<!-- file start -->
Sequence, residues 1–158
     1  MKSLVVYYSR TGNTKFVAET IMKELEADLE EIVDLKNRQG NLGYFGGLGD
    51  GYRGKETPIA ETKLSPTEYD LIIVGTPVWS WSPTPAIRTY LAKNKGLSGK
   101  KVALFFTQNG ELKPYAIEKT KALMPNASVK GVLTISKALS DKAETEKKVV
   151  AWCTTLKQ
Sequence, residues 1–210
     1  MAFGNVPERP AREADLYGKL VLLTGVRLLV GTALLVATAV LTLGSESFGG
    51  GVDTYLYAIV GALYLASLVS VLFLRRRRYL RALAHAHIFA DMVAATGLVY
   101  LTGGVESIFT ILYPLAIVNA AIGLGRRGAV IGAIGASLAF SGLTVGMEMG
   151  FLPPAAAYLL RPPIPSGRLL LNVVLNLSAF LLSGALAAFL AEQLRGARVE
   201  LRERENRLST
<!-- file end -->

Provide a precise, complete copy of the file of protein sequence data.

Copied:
Sequence, residues 1–158
     1  MKSLVVYYSR TGNTKFVAET IMKELEADLE EIVDLKNRQG NLGYFGGLGD
    51  GYRGKETPIA ETKLSPTEYD LIIVGTPVWS WSPTPAIRTY LAKNKGLSGK
   101  KVALFFTQNG ELKPYAIEKT KALMPNASVK GVLTISKALS DKAETEKKVV
   151  AWCTTLKQ
Sequence, residues 1–210
     1  MAFGNVPERP AREADLYGKL VLLTGVRLLV GTALLVATAV LTLGSESFGG
    51  GVDTYLYAIV GALYLASLVS VLFLRRRRYL RALAHAHIFA DMVAATGLVY
   101  LTGGVESIFT ILYPLAIVNA AIGLGRRGAV IGAIGASLAF SGLTVGMEMG
   151  FLPPAAAYLL RPPIPSGRLL LNVVLNLSAF LLSGALAAFL AEQLRGARVE
   201  LRERENRLST